Tuesday, October 8, 2013

The last jar of pepper jelly

It's running out.

It won't last.

You don't understand. This is not a trivial matter.

It's the kind of stuff you hoard. Hide it in the back of the cupboard, behind the baking soda and the generic shell pasta, hoping she won't remember it's there.

It's the kind of stuff that, in a zombie apocalypse, you risk the group for the chance to see if a jar or two are sitting, covered in dust, deep in a cabinet, beckoning you within the broken-windowed door-flapping house, on the street where the quiet has weight and there are no birds and the cars are abandoned in the middle of the road and in the back of your mind you can hear the low atonal strings preparing for the moment when the gaping slavering noxious jaws burst forth from some improbable place and all hell breaks loose and if you only lose a couple of guys, well, it was worth it.

It's that good.

The last jar.
There isn't any more coming. Not for awhile, at least. The supplier, Trish, can only make so much, and now she's busy, a newborn baby has arrived, and the hoarders/addicts will just have to suffer. Then there's the whole transatlantic shipping thing, and customs, and it's gonna be a long time -- how long...? -- before a replacement jar may someday relieve the suffering of those eking out a life without.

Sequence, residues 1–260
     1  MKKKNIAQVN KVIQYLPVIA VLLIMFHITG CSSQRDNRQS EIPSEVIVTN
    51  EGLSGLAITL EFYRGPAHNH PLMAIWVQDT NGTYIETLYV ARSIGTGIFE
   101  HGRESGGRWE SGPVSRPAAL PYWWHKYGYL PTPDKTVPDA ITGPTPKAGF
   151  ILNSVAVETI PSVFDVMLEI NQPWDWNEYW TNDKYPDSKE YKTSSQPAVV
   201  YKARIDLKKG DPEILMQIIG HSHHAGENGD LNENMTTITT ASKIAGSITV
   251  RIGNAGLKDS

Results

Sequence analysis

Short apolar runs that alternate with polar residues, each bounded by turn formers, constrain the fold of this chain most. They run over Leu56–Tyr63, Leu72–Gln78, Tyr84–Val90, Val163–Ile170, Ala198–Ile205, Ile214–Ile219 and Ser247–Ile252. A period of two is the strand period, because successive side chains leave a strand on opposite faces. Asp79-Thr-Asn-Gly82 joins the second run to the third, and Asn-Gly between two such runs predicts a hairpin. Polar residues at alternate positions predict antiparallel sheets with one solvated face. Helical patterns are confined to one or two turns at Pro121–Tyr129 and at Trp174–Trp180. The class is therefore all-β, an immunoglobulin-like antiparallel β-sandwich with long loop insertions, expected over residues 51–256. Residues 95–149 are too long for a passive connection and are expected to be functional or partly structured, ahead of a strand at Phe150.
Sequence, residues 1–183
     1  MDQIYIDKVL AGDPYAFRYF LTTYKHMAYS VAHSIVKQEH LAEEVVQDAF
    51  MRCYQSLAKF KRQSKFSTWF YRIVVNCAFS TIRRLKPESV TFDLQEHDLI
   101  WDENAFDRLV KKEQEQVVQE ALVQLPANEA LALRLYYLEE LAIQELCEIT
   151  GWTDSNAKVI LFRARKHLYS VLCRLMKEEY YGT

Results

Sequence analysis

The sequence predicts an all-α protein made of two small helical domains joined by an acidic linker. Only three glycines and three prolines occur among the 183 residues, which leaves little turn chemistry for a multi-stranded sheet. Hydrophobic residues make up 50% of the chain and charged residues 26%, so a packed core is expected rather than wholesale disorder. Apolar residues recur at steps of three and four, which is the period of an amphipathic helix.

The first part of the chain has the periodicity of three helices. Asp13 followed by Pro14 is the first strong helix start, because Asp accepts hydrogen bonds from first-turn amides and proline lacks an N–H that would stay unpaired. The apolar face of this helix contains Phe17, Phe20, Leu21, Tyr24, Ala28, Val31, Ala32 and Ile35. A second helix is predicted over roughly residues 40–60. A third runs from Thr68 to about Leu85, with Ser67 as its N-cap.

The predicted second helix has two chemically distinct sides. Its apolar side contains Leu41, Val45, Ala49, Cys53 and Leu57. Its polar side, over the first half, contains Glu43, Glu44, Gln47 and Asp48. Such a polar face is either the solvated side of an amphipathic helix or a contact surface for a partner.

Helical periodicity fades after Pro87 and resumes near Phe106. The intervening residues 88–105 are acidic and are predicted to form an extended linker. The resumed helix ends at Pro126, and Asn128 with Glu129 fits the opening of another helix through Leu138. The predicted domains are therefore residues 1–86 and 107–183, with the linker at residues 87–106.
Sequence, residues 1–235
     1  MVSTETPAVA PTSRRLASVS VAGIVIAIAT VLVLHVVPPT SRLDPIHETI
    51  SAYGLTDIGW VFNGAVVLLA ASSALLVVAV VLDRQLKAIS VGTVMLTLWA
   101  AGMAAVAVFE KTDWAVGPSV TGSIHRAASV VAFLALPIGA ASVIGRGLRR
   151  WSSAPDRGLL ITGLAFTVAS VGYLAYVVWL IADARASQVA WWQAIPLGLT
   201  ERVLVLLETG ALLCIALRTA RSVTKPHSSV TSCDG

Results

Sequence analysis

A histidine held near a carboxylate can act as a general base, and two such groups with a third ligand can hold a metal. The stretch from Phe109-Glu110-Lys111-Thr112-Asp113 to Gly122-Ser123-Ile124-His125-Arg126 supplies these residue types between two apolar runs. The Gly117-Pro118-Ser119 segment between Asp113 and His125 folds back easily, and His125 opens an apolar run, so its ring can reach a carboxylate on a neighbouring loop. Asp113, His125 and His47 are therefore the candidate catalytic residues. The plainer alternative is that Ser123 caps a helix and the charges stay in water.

You can't make it last. Even though it's the last jar. Once it's started, once the jar is opened, once it has begun, you're going to consume it. All of it. You don't want to share it, but she's your wife and thinks that comes with certain privileges. And now there's a third mouth to feed. He'll want some. He'll eat his dolloped cracker and then want yours. Please, Daddy. You'll give him another, hope he'll get distracted. I want more. Another ravenous beast to contend with. You have a hard decision to make.

You'll have to eat it after he goes to bed.

You forgive Trish. She has a life, and a job, and a family. And hobbies; knitting takes time. She has priorities. She can't just make jars of it all the time. You understand. Really.

Only one jar left. Do you have the good crackers? Is the dog safely locked outside, nose tongue tail away from the table?

The last jar.

It beckons.


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